FI_BankOwned

Buying a Foreclosure

If you are searching for a new home you will find many bank-owned homes in the listings provided by your real estate agent.  Some real estate agents will try to convince you that a bank owned home is the same as a regular home.  Often if you called the number on the for sale sign, these are REO (real estate owned) agents who usually have no regular homes to sell and therefore prefer to sell you a bank owned home in their inventory.

The housing market consists of both regular and bank owned homes.  If you are trying to sell your home in a neighborhood that has many bank owned properties you will see that it is particularly difficult for you as bank owned homes often sell for less than retail market value.  You will have to compete with the foreclosure prices which are by far much lower than prices for regular homes. The lower prices are the only way a bank is able to get back a portion of the money it had loaned to the previous owner in a short amount of time.

Another downside of buying a bank owned home is these homes are often sold without any repairs made. If your home inspector finds some fault with the roof and you submit a request to the bank for the repairs, they generally will not entertain your request.  When buying a regular home, you as a buyer have negotiating power and can tell the seller about the costly repairs and the seller may elect to either get the repairs done or even lower the asking price.

Most of the time banks do not bother looking at buying offers unless they are accompanied with mortgage pre-approval. Getting a mortgage approval and submitting an offer to the bank can take up to two weeks because of high demand for deals on bank-owned property.  If you plan to buy a home, it is always a good practice to be pre-approved by a bank or loan company prior to beginning your home search.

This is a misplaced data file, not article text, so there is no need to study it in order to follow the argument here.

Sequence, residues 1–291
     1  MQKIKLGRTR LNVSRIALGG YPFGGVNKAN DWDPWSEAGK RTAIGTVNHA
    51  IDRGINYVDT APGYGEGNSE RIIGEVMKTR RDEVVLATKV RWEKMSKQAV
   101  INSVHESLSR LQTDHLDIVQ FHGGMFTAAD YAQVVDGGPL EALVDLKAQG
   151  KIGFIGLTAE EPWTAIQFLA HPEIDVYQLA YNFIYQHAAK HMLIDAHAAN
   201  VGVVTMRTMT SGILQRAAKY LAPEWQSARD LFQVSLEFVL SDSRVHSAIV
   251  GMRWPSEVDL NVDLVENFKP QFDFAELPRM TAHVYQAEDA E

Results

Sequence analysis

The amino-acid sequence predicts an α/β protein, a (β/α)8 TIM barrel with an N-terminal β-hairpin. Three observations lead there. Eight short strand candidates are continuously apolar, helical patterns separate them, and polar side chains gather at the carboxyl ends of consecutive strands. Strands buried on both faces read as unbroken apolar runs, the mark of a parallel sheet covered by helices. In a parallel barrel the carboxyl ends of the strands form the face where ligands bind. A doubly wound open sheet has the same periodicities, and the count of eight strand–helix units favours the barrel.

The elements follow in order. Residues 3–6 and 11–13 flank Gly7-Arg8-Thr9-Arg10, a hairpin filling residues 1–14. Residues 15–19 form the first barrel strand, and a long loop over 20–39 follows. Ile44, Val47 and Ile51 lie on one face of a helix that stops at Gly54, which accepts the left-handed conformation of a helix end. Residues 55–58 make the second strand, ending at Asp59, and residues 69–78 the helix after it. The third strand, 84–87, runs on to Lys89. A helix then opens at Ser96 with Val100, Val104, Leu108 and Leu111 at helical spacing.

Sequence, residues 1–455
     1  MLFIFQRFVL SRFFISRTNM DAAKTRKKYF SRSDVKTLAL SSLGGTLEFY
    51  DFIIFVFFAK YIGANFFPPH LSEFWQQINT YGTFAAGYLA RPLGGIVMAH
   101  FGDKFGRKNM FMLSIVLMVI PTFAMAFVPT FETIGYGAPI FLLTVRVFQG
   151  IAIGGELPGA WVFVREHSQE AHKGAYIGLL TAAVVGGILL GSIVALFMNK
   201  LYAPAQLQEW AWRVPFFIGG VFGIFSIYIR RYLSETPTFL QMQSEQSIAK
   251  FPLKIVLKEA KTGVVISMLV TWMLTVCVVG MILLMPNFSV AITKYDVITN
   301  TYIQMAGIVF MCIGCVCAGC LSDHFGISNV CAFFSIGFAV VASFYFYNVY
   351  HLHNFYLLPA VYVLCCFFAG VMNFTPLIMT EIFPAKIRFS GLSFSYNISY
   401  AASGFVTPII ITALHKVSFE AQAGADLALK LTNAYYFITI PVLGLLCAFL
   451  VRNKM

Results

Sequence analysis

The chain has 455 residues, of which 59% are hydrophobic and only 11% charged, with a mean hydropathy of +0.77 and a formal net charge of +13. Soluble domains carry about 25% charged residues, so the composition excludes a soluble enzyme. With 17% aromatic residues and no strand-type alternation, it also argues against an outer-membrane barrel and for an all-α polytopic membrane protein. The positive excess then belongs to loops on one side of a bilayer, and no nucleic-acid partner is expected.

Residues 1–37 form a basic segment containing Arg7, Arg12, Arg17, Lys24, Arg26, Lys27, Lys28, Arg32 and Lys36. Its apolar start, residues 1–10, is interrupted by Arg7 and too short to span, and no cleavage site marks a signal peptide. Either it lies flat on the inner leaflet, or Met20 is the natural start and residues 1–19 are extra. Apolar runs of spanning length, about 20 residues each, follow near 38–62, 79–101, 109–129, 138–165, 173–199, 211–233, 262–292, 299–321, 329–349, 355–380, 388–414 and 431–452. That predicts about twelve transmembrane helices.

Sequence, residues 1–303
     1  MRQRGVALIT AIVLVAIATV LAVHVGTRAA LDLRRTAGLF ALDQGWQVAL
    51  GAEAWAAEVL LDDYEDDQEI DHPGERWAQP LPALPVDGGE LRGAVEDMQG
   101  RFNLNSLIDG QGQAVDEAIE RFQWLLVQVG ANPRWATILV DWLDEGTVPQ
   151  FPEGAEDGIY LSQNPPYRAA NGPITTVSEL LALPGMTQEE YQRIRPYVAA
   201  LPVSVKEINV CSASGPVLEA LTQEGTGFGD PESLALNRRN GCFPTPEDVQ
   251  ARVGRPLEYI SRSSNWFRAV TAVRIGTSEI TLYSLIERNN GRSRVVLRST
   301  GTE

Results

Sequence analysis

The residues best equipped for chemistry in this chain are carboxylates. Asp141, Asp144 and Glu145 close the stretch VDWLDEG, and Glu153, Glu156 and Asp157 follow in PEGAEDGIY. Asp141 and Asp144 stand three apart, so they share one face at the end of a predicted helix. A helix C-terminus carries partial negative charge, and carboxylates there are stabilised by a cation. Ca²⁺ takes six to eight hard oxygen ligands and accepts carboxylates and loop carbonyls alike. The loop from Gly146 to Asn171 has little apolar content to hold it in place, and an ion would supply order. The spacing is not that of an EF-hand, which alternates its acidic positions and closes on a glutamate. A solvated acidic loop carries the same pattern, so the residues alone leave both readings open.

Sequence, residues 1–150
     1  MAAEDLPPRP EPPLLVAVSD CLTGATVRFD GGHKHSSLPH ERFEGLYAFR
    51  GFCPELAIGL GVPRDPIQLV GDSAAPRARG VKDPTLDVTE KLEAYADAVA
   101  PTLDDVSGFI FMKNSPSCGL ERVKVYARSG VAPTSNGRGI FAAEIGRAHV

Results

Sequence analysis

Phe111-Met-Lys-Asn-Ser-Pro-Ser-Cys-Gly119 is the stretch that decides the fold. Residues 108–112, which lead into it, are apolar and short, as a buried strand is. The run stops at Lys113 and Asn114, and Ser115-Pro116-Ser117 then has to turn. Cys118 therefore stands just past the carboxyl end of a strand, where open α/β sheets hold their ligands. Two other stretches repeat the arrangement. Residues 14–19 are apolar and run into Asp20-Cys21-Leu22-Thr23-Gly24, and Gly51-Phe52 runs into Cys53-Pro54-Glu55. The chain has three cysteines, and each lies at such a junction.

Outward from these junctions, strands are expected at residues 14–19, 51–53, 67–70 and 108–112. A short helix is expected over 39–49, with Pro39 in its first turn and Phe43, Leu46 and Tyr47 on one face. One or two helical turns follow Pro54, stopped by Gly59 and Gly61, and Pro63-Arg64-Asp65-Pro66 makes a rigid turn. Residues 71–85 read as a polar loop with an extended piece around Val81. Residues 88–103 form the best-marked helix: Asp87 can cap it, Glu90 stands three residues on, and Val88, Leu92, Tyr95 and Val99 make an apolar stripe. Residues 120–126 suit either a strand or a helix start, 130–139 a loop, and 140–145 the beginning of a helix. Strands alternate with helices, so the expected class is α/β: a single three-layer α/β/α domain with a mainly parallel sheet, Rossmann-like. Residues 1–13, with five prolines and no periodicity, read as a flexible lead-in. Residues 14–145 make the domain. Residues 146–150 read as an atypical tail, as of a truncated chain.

Once the negotiation has taken place and the bank has accepted your offer, you will have to sign the contract papers.  You will see that there are some additional papers that the bank has attached. This is known as the bank addendum.  When you read through it you will see that most of the clauses have been altered and instead of protecting the buyer, the contract now protects the bank.  If you have questions, it is a good idea to have your real estate lawyer look at the papers before you sign them.  Most banks will not allow any alternations to the terms of the addendum.

Buying a home is not easy and there are many complexities involved.  Before you go to a real estate agent, make sure that you get a mortgage pre-approval.  It is very important that you are pre-approved and aware of the amount you can spend on purchasing a home.  Once you have figured out these two things you need to decide if you want to buy a regular home or one that is owned by the bank.  Even though there are many disadvantages of buying a bank owned home you might find a great home at an amazing price.

Author:  TJ-Google+

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